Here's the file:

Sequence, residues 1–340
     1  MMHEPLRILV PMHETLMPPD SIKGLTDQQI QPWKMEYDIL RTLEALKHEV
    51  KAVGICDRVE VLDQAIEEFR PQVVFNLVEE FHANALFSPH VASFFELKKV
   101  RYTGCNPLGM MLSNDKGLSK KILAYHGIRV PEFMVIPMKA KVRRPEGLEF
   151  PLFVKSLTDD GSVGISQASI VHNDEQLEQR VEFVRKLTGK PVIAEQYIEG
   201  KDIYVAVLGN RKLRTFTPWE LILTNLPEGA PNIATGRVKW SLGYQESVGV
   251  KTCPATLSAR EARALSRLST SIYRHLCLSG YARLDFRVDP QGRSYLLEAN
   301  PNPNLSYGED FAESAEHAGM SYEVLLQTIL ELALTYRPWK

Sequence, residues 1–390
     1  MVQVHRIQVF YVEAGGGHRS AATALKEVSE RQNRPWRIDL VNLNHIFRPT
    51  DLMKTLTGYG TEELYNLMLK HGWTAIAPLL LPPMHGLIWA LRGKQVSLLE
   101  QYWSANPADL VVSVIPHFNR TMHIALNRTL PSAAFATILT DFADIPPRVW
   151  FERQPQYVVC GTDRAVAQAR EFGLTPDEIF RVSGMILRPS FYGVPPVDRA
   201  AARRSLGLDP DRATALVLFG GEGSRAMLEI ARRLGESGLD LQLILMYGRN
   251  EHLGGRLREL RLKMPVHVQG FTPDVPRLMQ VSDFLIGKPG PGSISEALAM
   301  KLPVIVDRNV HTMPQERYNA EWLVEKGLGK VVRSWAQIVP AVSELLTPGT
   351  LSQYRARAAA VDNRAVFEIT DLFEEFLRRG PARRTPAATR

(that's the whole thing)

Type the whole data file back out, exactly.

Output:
Sequence, residues 1–340
     1  MMHEPLRILV PMHETLMPPD SIKGLTDQQI QPWKMEYDIL RTLEALKHEV
    51  KAVGICDRVE VLDQAIEEFR PQVVFNLVEE FHANALFSPH VASFFELKKV
   101  RYTGCNPLGM MLSNDKGLSK KILAYHGIRV PEFMVIPMKA KVRRPEGLEF
   151  PLFVKSLTDD GSVGISQASI VHNDEQLEQR VEFVRKLTGK PVIAEQYIEG
   201  KDIYVAVLGN RKLRTFTPWE LILTNLPEGA PNIATGRVKW SLGYQESVGV
   251  KTCPATLSAR EARALSRLST SIYRHLCLSG YARLDFRVDP QGRSYLLEAN
   301  PNPNLSYGED FAESAEHAGM SYEVLLQTIL ELALTYRPWK

Sequence, residues 1–390
     1  MVQVHRIQVF YVEAGGGHRS AATALKEVSE RQNRPWRIDL VNLNHIFRPT
    51  DLMKTLTGYG TEELYNLMLK HGWTAIAPLL LPPMHGLIWA LRGKQVSLLE
   101  QYWSANPADL VVSVIPHFNR TMHIALNRTL PSAAFATILT DFADIPPRVW
   151  FERQPQYVVC GTDRAVAQAR EFGLTPDEIF RVSGMILRPS FYGVPPVDRA
   201  AARRSLGLDP DRATALVLFG GEGSRAMLEI ARRLGESGLD LQLILMYGRN
   251  EHLGGRLREL RLKMPVHVQG FTPDVPRLMQ VSDFLIGKPG PGSISEALAM
   301  KLPVIVDRNV HTMPQERYNA EWLVEKGLGK VVRSWAQIVP AVSELLTPGT
   351  LSQYRARAAA VDNRAVFEIT DLFEEFLRRG PARRTPAATR